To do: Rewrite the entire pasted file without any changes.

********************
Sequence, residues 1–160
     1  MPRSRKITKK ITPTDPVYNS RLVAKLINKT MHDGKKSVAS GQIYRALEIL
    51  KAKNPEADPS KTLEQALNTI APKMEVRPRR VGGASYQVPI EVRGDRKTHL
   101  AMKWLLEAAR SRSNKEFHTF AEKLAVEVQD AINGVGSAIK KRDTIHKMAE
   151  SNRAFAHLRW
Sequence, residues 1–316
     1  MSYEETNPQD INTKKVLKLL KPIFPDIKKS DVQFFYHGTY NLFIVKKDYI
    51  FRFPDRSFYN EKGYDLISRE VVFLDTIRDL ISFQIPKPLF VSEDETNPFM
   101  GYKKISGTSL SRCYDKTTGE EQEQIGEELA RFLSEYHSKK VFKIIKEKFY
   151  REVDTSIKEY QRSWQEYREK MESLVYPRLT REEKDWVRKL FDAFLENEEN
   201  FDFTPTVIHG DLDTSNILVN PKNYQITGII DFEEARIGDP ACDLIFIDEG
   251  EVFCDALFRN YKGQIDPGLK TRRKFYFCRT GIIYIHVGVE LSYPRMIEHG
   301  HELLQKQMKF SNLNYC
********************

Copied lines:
Sequence, residues 1–160
     1  MPRSRKITKK ITPTDPVYNS RLVAKLINKT MHDGKKSVAS GQIYRALEIL
    51  KAKNPEADPS KTLEQALNTI APKMEVRPRR VGGASYQVPI EVRGDRKTHL
   101  AMKWLLEAAR SRSNKEFHTF AEKLAVEVQD AINGVGSAIK KRDTIHKMAE
   151  SNRAFAHLRW
Sequence, residues 1–316
     1  MSYEETNPQD INTKKVLKLL KPIFPDIKKS DVQFFYHGTY NLFIVKKDYI
    51  FRFPDRSFYN EKGYDLISRE VVFLDTIRDL ISFQIPKPLF VSEDETNPFM
   101  GYKKISGTSL SRCYDKTTGE EQEQIGEELA RFLSEYHSKK VFKIIKEKFY
   151  REVDTSIKEY QRSWQEYREK MESLVYPRLT REEKDWVRKL FDAFLENEEN
   201  FDFTPTVIHG DLDTSNILVN PKNYQITGII DFEEARIGDP ACDLIFIDEG
   251  EVFCDALFRN YKGQIDPGLK TRRKFYFCRT GIIYIHVGVE LSYPRMIEHG
   301  HELLQKQMKF SNLNYC